There’s a long literary history associated with World War I, so it’s no surprise the English department is involved in commemorating its centenary.
Prabhjot Parmar is our departmental Great War superstar. After researching the topic for years, in 2015 she’s bringing it to life here at UFV. You can catch the final event this week . . .
Dr. Parmar has organized four commemorative events—that’s one for each year of World War I, which began in 1914 and ended in 1918 with profound effects on international social, military, and political structure. The Great War forever changed the world; UFV events enable students, faculty, and community members to experience the impact of those changes.
First, a representation of a trench was constructed on the UFV Abbotsford campus. You can still check it out—near the library. Don’t let this sunny, pastoral photo fool you, though—so profound were the horrifying trench mud and overcrowding during the war that they’re still being explored in film and literature.
Next, the English Students’ Association co-hosted a student conference on September 29th: “The Great War: Local and Beyond.” Besides a poster display, documentary screenings, and a welcome by the Associate Dean of Faculty, there were also seven student presentations. Keynote speaker Dr. Manav Ratti from Salisbury University put a captivating spin on the whole event.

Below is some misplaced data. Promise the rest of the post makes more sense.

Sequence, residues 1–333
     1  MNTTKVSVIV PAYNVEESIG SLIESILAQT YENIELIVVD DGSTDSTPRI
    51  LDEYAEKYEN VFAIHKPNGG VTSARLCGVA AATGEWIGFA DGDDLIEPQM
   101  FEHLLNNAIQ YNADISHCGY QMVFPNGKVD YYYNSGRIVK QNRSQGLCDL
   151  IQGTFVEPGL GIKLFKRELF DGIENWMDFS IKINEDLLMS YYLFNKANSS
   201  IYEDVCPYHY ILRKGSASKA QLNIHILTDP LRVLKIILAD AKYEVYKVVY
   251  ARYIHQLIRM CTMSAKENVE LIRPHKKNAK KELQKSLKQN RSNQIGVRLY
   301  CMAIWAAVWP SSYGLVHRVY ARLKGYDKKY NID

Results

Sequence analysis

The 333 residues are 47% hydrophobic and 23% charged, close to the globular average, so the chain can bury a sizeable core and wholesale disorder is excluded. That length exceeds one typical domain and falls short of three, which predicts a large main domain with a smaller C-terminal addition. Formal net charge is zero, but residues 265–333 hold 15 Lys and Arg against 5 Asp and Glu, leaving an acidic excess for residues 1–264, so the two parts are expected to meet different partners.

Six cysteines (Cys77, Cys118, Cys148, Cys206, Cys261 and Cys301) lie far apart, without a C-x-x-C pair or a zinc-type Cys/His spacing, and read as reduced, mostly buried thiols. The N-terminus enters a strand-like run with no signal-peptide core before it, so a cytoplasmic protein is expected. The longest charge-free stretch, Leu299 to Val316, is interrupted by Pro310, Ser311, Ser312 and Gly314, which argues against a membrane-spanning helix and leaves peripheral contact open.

For the visually inclined, Dr. Parmar curated an exhibit at The Reach Gallery: “Ready and True, India and the Great War” (September 25th through October 4th). The event showcased unique archival documents including photographs, art, writings, and newspaper clippings to provide a visual chronicle commemorating the almost forgotten contribution of Indian soldiers.
Even if you missed those events, you can still catch the big commemoration this week. The UFV College of Arts is presenting “India and the Great War: Memory, Memorialization, Commemoration,” a conference, exhibition, and performance. The FREE event runs from October 22-24 in UFV Abbotsford Student Union Building’s Great Hall.
There’s an impressive list of local experts speaking, as well as keynote speaker Dr. Amritjit Singh, Ohio University’s Langston Hughes Professor of English and African American Studies.
As all the events have been, this one promises to prove thought-provoking and inspirational—to help us remember the magnitude of the war that changed the world.